Some of us are old enough to remember the BT adverts shown on television with the slogan, "It's good to talk..." As I reflect on the readings for the coming Sundays – one of which is Trinity Sunday – and the nature of the relationship between Father, Son and Holy Spirit, I am reminded that the Trinity (which is only mentioned twice in the New Testament) is not so much an abstract theological formula as an expression of our relationship with God. Relationships flourish when there is communication between the parties involved. Even in technological age, I still believe that talking face to face is still the most effective means of sharing conversation because every part of us is then involved – how many times have we sent emails/texts or made phone calls which have been misunderstood because the recipient couldn't see the expression our face or the gesture that accompanied the message?
I have recently rediscovered a version of the opening of John's gospel which gives much food for thought:
"It all arose out of a conversation, conversation within God, in fact the conversation was God. So God started the discussion, and everything came out of this, and nothing happened without consultation. This was the life, life that was the light of all people, shining in the darkness, a darkness which neither understood nor quenched its creativity. John, a man sent by God, came to remind people about the nature of the light so that they would observe. He was not the subject under discussion, but the bearer of an invitation to join in.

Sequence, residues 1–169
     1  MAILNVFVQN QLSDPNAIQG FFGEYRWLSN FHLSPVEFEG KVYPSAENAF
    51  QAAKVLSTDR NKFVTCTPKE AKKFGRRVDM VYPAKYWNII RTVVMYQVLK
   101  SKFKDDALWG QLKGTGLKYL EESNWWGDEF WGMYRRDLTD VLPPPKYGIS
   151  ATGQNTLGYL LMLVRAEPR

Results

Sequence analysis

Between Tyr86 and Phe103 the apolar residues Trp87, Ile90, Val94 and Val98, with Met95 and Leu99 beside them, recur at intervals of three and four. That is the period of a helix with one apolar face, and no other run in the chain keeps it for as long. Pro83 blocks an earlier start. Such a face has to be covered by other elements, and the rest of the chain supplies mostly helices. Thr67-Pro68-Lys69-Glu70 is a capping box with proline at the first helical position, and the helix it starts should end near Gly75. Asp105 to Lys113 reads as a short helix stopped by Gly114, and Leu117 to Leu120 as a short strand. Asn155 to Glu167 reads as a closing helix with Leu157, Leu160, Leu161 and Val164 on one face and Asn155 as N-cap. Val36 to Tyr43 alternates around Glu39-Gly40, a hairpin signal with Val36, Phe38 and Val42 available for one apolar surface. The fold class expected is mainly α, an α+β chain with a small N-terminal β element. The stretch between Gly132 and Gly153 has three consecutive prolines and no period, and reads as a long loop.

The subject of the conversation, the original light, came into the world, the world that had arisen out of his willingness to converse. He fleshed out the words, but the world did not understand. He came to those who knew the language, but they did not respond. Those who did became a new creation (his children). They read the signs and responded. These children were born out of sharing in the creative activity of God. They heard the conversation still going on, here, now, and took part, discovering a new way of being people.
To be invited to share in a conversation about the nature of life was for them, a glorious opportunity not to be missed."
(Clive Scott 2001)
May we not miss glorious opportunities for conversation in the weeks ahead as we meet visitors and friends alike across the summer months and may they be Godly conversations!